The Seattle Seahawks at Atlanta Falcons NFC divisional game started twenty minutes after the 4:10 pm showing of Paul Verhoeven‘s award-winning psychological drama Elle (2016).*  And why would I opt to watch the film over seeing the entire game between Seattle and Atlanta?  Well, I’ve been wanting to watch Elle for several months and I knew the fourth quarter would still be happening after the movie and I could get myself to a TV.

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I have loved Isabelle Huppert since the moment I watched Hal Hartley‘s Amateur (1994).  She played a woman who went from being a nun to writing erotica.  Something about that premise fascinated me.

Likewise, the premise of Elle intrigued me too.  Huppert portrays a woman who is raped in her house while her grey cat watches (and then leaves before the crime is completed), but instead of turning into a shriveling, paranoid victim, she metabolizes the trauma with subversive rationale and emotional/psychological deviance.

Beyond the basic story-line, I was pleasantly surprised to see that her character was  co-owner of a video game publishing company.  She wasn’t a housewife or a teacher or a high end fashion consultant.  Any more discussion will lead to minor spoilers, so highlight the relevant words at your own discretion.  Verhoeven’s adaptation of  Phillipe Dijan‘s novel Oh… could be interpreted to suggest that a rape fantasy is something that women in general would grow to want if she is willing to sleep with her friend and business partner’s husband because he was there and she wanted to get laid.  Or that just because a woman doesn’t become a broken, ruined creature, that physical violation isn’t that big of a deal.  It is tempting to make such an assertion…or to focus on her character’s inability to have a “normal” reaction to being raped (depression, anger, fear, vulnerability) on account of what her dad did when she was ten years-old that got him locked up in prison.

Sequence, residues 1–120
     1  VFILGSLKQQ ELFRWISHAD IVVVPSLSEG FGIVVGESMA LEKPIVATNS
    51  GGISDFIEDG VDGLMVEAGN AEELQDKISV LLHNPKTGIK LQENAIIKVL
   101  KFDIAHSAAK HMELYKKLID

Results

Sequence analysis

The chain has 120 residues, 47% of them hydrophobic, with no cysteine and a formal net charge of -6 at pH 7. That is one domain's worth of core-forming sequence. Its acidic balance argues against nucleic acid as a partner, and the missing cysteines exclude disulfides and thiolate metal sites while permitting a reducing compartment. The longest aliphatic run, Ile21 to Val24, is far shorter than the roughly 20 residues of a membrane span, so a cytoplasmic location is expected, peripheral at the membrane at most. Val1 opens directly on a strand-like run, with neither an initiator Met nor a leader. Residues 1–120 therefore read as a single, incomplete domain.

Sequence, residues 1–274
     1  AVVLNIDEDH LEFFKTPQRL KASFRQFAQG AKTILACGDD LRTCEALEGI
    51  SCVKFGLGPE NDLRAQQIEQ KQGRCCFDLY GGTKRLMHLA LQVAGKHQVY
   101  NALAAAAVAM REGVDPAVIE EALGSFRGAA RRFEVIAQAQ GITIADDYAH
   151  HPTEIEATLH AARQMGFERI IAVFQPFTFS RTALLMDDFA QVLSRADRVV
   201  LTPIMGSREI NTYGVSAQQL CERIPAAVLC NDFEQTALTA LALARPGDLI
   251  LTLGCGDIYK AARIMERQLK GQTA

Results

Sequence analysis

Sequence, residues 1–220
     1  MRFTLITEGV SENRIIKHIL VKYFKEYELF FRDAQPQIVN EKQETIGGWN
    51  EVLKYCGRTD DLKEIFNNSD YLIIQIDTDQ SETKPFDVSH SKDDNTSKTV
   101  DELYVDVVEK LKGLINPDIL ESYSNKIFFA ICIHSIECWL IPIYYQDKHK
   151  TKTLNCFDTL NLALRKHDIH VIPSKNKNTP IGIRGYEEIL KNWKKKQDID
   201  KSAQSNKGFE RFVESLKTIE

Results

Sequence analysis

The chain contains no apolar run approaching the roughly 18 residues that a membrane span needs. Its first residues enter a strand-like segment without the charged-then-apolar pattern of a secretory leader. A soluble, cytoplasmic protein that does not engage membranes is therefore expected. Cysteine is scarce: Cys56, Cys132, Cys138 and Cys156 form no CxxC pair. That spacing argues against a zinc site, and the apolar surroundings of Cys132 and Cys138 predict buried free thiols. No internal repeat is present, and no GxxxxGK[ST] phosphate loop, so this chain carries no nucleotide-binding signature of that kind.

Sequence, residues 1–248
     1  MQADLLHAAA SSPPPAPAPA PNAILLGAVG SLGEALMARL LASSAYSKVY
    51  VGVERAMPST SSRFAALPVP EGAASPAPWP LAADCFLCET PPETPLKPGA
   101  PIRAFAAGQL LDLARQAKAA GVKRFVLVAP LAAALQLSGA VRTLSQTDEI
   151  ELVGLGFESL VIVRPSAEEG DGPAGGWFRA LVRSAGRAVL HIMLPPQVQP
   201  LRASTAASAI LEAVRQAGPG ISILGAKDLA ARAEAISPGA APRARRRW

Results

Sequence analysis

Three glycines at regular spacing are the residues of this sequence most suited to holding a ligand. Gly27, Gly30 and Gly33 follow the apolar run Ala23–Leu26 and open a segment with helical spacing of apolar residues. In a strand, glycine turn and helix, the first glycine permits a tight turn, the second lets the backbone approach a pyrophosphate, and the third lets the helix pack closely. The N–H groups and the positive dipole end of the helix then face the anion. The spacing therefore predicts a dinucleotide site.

These interpretations are easy to make, but misses the mark of the character’s narrative and thematic arc.  She colors outside the lines and doesn’t behave as expected and whatever motivates her to act as she does or to think as she does throughout the film, she is purposeful and consequential.  Moreover, her reactions present a perspective on how to make sense of (or pervert) the offender-victim dynamic, especially when the film reveals the identity of her rapist.   Either you, the viewer, knew it all along or figured it out based on formal and plot elements.

 

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And, I was right.  The fourth quarter had just begun when I got to a TV after the movie ended.   I started watching the game (broadcast on Fox and narrated by John Lynch and Kevin Burkhardt) about halfway into the fourth quarter and the Falcons had 29 points to the Seahawks’ 13.  Over the next nine minutes, though not in this exact order, Seahawks quarterback Russell Wilson was intercepted twice (the first time directly into the arms of Falcons safety Allen Ricardo, the second time indirectly into the hands of Falcons linebacker Deion Jones) and threw a touchdown pass (caught by wide receiver Doug Baldwin); Falcons quarterback Matt Ryan threw a touchdown pass to wide receiver Mohamed Sanu and two 1st and goal complete passes (one of them caught by wide receiver Julio Jones).

The Falcons beat the Seahawks.  36 to 20. Final score.  Get game summary, stats, and play-by-play here.

*It isn’t drama quite in the way American dramas are drama — 98% seriousness with maybe a laugh or two.  Elle is quite comical throughout the film in dialogue and reality-of-the-situation tone.  I watched the film with at least twenty other people and everyone chuckled and laughed at the intended moments.  The more I think about it, the more I detect a satirical angle.